– Ethan Kruger

4. If Beale Street Could Talk, dir. Barry Jenkins

Nicholas Britell’s score for If Beale Street Could Talk is a strong contender for best of the year. Equal parts romantic, melancholic and triumphant, Britell’s work captures the longing and love at the heart of Barry Jenkins’ brilliant follow-up to Moonlight. It tells the story of African-American couple Tish and Fonny in ’70s New York, split apart by a rape allegation that sees Fonny imprisoned as Tish finds out she’s pregnant with his child. He is the victim of systematic racism, but If Beale Street Could Talk is an essentially compassionate movie. Fonny has been wrongly convicted, yet his accuser isn’t treated like dirt. They are both victims of structures that are set up to oppress people of colour. Love shines through the film, shot through with the same tender humanity by Moonlight DP James Laxton. The chemistry between newcomers KiKi Layne and Stephan James is tangible, whilst Brian Tyree Henry (Atlanta, Widows) is heartbreaking in a brief appearance as Fonny’s old friend Danny. Regina King deservedly won the Oscar for Best Supporting Actress back in February. The reality is, If Beale Street Could Talk should have won so much more.

Joe Williams

3. Once Upon a Time in Hollywood, dir. Quentin Tarantino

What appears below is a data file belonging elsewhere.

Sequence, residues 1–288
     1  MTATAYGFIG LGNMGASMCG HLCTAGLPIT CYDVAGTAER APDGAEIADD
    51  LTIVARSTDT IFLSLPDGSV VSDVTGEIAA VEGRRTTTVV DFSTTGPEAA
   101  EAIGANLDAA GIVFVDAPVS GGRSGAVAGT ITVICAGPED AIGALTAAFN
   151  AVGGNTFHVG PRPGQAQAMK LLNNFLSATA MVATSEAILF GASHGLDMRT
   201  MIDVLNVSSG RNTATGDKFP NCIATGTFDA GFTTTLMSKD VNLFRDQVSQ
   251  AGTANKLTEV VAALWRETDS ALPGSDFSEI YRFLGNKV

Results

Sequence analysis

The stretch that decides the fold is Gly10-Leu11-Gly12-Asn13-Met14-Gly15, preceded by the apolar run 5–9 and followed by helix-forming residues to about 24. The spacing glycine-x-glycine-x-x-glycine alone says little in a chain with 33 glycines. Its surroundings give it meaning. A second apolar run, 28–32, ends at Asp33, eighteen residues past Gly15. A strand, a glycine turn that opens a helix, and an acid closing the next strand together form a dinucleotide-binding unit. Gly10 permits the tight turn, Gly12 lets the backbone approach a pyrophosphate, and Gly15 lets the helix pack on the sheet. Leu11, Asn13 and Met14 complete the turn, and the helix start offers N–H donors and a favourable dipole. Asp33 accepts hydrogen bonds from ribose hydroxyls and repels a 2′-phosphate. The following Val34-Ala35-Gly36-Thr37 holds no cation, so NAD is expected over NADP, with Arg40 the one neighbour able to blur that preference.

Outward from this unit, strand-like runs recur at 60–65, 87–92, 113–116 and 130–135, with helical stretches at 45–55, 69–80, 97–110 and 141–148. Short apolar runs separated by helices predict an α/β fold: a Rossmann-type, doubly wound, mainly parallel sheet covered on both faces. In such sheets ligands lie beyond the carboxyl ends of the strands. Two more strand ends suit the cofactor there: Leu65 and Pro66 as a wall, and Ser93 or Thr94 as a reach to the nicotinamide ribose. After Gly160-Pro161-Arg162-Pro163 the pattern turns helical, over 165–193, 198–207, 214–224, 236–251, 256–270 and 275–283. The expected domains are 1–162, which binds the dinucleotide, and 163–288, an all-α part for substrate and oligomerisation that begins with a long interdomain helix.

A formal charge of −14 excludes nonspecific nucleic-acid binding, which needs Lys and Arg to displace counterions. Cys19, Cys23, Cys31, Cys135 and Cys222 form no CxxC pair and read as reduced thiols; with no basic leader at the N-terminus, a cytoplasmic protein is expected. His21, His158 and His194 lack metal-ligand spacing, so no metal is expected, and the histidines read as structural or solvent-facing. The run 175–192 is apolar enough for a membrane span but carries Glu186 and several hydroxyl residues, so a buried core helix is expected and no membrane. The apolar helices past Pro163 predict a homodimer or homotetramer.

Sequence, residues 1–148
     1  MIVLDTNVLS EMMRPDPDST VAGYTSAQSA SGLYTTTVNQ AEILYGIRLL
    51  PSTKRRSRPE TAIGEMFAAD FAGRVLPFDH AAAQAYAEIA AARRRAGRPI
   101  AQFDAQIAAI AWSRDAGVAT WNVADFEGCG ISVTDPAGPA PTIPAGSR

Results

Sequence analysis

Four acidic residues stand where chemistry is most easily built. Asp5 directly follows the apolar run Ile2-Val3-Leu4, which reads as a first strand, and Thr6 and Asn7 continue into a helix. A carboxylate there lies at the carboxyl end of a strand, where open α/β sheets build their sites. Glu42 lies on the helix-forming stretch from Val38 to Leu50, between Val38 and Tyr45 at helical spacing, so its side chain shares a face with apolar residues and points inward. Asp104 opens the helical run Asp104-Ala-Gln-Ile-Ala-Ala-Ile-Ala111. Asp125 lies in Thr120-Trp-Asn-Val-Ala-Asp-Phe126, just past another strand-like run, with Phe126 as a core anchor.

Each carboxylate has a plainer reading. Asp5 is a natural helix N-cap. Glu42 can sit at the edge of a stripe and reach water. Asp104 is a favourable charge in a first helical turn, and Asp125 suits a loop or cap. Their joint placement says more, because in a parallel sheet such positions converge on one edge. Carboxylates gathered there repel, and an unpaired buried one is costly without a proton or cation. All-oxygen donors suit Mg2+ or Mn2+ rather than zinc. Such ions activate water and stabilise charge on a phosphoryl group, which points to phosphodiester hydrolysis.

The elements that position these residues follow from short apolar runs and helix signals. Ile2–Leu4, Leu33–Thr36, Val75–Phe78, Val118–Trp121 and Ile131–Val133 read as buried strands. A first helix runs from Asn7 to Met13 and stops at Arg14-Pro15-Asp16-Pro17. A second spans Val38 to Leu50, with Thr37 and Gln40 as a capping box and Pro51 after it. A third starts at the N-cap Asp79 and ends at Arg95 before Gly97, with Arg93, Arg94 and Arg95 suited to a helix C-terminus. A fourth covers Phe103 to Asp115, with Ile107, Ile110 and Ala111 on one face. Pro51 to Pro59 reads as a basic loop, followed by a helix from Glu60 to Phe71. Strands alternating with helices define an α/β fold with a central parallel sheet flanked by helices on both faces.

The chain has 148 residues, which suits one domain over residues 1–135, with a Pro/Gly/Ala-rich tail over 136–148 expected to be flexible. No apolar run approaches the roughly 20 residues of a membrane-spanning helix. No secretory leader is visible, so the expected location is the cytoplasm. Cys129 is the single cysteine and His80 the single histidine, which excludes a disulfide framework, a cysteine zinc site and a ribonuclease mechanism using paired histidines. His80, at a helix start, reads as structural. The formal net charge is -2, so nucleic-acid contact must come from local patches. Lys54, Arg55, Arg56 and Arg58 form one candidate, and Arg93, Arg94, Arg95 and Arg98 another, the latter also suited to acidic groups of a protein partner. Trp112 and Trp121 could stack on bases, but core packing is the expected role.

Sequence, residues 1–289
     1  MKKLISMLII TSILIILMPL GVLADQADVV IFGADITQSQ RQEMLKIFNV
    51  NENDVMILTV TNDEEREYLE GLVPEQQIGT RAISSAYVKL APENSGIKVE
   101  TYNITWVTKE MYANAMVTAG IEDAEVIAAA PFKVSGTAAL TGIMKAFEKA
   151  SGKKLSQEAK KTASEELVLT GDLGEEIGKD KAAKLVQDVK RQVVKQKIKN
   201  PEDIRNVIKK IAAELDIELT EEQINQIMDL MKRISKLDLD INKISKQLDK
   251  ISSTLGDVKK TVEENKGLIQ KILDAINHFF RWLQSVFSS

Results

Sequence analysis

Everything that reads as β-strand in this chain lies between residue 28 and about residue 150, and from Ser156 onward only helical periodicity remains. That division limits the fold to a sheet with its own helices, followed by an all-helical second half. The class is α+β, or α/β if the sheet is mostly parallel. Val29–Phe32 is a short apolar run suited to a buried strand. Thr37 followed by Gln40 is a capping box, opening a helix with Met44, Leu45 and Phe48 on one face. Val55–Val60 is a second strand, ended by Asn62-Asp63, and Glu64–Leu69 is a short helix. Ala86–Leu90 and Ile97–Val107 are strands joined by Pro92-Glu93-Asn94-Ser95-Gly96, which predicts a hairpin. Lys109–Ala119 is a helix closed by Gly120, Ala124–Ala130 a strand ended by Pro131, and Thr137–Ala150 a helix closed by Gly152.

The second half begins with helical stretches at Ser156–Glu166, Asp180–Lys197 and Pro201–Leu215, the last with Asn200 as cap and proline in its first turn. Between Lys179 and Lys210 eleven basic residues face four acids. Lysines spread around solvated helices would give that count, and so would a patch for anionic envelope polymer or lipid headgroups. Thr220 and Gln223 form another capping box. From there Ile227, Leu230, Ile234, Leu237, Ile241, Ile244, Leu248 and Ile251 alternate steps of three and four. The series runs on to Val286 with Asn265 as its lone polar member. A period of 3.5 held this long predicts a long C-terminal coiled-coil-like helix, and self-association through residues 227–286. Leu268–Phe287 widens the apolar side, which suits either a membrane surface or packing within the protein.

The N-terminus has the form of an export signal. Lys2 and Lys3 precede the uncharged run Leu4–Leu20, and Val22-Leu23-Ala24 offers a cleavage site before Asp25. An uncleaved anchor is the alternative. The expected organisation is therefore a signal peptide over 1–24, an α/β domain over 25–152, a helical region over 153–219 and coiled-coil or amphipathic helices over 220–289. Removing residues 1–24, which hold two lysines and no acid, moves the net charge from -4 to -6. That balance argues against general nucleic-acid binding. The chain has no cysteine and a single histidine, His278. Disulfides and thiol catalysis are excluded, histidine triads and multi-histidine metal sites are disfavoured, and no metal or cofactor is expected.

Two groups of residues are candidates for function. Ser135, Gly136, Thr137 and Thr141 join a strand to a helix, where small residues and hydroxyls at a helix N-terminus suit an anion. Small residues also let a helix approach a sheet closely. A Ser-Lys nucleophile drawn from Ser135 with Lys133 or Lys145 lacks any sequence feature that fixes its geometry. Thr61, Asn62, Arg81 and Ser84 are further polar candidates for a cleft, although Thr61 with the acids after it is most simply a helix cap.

Quentin Tarantino has been directing critically-acclaimed, money-making masterpieces for so long now that studios seem to give him free rein. Once Upon a Time in Hollywood is the happy result of this. The cast reads like a BuzzFeed list of the most influential actors alive (Brad Pitt, Leonardo DiCaprio, Margot Robbie, Al Pacino), many of whom are playing celebrities from the Golden Age of Hollywood. The director’s fascination with the 1960s setting seeps through the screen in a story which is thick with classic era references and loving homages to the glitzy Hollywood lifestyle. Although definitely more artsy than some of his previous work, Once Upon a Time in Hollywood still delivers on the hair-raising tension and violence which gained Tarantino his notoriety. In particular, an extended sequence where Cliff Booth (Pitt) unwittingly visits the sinister Manson Family’s ranch will have you peering through your fingers. Nor does the film avoid Tarantino’s trademark stylised violence, but here it is used to provide moments of comedy which will make you laugh and cringe at the same time. In short, Once Upon a Time in Hollywood is a brilliant look at one of the most interesting moments in Hollywood history, led by a director and cast at the top of their game.

Enzo Bavetta

2. Pokémon Detective Pikachu, dir. Rob Letterman